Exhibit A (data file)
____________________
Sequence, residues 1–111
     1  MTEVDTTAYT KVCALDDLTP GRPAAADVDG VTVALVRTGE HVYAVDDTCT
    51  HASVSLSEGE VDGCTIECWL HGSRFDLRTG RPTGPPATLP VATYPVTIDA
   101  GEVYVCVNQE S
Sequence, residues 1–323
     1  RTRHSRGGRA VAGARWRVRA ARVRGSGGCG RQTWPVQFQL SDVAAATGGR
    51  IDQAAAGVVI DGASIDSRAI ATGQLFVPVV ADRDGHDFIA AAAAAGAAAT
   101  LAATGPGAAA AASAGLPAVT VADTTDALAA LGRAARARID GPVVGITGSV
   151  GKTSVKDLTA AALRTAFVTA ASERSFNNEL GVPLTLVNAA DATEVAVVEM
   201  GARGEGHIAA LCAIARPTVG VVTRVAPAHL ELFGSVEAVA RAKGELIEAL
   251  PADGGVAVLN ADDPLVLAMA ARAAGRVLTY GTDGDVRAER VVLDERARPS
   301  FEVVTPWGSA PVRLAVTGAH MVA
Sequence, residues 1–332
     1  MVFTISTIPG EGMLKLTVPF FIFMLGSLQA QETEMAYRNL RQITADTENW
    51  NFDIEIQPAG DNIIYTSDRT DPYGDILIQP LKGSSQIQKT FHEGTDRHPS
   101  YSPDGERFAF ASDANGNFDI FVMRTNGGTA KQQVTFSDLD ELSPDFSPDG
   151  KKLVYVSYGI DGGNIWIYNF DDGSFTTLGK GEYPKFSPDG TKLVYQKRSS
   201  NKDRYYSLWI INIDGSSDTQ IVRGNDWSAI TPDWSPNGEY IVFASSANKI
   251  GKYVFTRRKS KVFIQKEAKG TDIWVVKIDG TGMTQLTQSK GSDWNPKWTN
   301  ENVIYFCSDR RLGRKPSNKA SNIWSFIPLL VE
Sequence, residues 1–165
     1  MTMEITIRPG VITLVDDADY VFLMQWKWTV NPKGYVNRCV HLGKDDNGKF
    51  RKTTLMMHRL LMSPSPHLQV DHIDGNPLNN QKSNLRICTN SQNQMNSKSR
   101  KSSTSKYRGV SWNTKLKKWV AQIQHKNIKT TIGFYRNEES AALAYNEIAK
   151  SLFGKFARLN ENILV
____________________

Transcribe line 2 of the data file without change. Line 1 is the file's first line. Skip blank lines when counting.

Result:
     1  MTEVDTTAYT KVCALDDLTP GRPAAADVDG VTVALVRTGE HVYAVDDTCT